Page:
Perhaps, the fascination with mermaids and the associated marine creatures is something that is more worth of exploration by those who study the depths of the human mind, rather than by those who deal with ancient myths and beliefs. Yet, some intriguing hypothesis may be put forward even in the present context if we seek to find exactly where and when these myths originated. For this purpose, we must go far back in time. Some events that occurred in Mesopotamia at the age of the Sumerians, maybe as early as during the 3rd millennium B.C., are related by Berosus, a Babylonian priest of Bel-Marduk who lived at the time of Alexander the Great. Among other things, Berosus says that

.. there made its appearance, from a part of the Persian gulf which bordered upon Babylonia, an animal endowed with reason, who was called Oannes. ... the whole body of the animal was like that of a fish; and had under a fish's head another head, and also feet below, similar to those of a man, subjoined to the fish's tail. It had a human voice and it spent the time of the day among men without taking food, teaching the practice of letters, sciences and arts....At night it went back to the waters of the Sea. (1)

Oannes is the Greek rendition of the word that was spelled Aun in Sumerian. According to Berosus, in later times other fish-beings emerged from the sea, one of the last of them being named Odacon and again described as having the shape of a fish blended with that of a man. We find the same name mentioned also in the Bible in a slightly changed form as Dagon, the god adhored by the Philistines. We cannot avoid to remark that the outlandish appearance of these beings seems to be unrelated to any belonging to the known kingdom of marine beasts. However, the mix of human and ichthyc characters strongly reminds us of those mythological creatures (the mermaid, for instance) which shared this feature.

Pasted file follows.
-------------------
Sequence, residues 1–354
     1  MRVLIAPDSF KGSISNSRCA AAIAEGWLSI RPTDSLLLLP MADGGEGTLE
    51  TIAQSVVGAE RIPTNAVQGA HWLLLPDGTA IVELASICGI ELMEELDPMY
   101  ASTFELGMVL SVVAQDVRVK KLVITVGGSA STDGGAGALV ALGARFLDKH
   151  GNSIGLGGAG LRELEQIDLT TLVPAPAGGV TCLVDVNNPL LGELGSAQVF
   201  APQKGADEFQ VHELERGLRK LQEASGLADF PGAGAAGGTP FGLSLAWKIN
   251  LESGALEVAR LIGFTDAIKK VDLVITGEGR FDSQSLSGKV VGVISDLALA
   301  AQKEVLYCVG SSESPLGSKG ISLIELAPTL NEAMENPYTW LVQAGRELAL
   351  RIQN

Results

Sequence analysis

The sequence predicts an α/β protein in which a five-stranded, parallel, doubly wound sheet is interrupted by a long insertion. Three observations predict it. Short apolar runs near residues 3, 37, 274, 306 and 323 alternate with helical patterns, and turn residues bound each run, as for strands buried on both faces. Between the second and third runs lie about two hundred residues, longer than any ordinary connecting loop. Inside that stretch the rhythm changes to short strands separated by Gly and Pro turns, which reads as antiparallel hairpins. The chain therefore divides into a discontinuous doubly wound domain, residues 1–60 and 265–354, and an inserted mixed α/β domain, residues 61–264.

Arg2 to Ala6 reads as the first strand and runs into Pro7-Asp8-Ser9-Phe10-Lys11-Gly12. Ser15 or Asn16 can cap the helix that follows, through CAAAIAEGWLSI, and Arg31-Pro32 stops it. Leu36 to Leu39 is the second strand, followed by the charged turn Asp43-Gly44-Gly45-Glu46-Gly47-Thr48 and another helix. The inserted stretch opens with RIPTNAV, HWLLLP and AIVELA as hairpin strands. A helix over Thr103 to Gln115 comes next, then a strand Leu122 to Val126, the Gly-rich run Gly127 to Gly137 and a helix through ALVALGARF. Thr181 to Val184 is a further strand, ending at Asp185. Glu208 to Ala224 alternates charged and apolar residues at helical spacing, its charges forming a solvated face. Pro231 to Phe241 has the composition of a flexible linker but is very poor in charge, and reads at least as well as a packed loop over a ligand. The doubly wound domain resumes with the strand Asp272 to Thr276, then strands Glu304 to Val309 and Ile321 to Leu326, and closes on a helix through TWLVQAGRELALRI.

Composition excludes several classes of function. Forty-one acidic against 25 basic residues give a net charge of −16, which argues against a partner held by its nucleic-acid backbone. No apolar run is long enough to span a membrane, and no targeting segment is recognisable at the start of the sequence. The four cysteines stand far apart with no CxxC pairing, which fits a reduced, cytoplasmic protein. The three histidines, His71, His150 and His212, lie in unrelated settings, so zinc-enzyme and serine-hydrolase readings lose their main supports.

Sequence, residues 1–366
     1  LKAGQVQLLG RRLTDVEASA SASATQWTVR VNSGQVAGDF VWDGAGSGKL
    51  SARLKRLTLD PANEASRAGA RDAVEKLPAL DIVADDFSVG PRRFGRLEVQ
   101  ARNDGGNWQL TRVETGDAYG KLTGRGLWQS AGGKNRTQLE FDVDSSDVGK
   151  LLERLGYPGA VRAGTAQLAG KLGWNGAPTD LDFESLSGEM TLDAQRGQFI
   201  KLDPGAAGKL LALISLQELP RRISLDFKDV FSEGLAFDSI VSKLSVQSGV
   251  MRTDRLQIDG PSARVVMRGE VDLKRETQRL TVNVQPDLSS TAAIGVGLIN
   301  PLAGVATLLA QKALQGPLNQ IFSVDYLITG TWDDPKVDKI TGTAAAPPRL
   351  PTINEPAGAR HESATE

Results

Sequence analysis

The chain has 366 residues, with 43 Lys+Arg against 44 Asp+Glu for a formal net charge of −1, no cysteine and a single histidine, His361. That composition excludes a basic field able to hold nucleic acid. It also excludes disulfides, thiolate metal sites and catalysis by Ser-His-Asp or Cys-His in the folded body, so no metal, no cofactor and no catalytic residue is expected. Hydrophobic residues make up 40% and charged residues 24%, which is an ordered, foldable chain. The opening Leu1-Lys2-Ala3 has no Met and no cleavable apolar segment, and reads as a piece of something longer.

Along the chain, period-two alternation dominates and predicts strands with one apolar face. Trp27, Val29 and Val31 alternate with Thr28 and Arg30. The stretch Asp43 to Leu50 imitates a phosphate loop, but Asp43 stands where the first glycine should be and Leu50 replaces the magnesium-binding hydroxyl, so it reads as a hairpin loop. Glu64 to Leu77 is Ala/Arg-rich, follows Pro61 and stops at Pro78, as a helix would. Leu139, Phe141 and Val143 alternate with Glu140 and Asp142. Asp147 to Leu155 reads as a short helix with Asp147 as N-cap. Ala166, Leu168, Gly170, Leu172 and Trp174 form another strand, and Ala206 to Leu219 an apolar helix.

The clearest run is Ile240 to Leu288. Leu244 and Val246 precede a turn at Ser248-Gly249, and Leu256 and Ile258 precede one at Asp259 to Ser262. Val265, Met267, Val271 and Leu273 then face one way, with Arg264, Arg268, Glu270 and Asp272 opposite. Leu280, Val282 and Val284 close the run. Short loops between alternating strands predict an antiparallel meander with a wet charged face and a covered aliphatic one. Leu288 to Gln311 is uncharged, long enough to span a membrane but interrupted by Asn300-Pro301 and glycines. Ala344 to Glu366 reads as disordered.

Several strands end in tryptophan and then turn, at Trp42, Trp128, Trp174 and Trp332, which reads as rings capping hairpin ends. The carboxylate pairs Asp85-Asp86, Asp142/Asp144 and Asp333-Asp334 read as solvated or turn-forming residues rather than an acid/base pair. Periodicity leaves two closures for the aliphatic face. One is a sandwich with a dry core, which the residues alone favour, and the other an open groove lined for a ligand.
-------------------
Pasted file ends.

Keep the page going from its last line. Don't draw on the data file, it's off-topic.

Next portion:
Despite their weird aspect, beings such as Oannes and Odacon seem to have been readily accepted in the Sumerian world. In fact, as Berosus reports, the Sumerians appear to have attributed the very existence of their civilization to their teaching. Clearly, the fish-beings must have been benign deities, quite possibly carrying gifts with them. Yet, we cannot avoid to note how the passing of the centuries brought a substantial change of the attitude of mankind. Already Berosus, writing in Hellenistic times, denies them the status of gods, preferring to define them simply as terion "animals". The Bible clearly shares the same attitude defining Dagon as a false God or a demon. This change in attitude may be linked to the reversals of fortune that the worshippers of these divinities underwent. Both the Sumerian and the Philistine civilizations disappeared, crushed by warlike neighbors.